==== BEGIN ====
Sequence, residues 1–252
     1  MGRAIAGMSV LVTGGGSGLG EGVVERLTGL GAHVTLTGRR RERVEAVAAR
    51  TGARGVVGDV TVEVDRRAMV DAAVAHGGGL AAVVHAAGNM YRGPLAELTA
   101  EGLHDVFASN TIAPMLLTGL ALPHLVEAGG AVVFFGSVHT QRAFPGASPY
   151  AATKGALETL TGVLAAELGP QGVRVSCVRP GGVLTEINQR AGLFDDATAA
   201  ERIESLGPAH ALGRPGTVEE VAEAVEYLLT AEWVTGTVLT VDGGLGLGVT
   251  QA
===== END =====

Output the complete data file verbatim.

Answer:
Sequence, residues 1–252
     1  MGRAIAGMSV LVTGGGSGLG EGVVERLTGL GAHVTLTGRR RERVEAVAAR
    51  TGARGVVGDV TVEVDRRAMV DAAVAHGGGL AAVVHAAGNM YRGPLAELTA
   101  EGLHDVFASN TIAPMLLTGL ALPHLVEAGG AVVFFGSVHT QRAFPGASPY
   151  AATKGALETL TGVLAAELGP QGVRVSCVRP GGVLTEINQR AGLFDDATAA
   201  ERIESLGPAH ALGRPGTVEE VAEAVEYLLT AEWVTGTVLT VDGGLGLGVT
   251  QA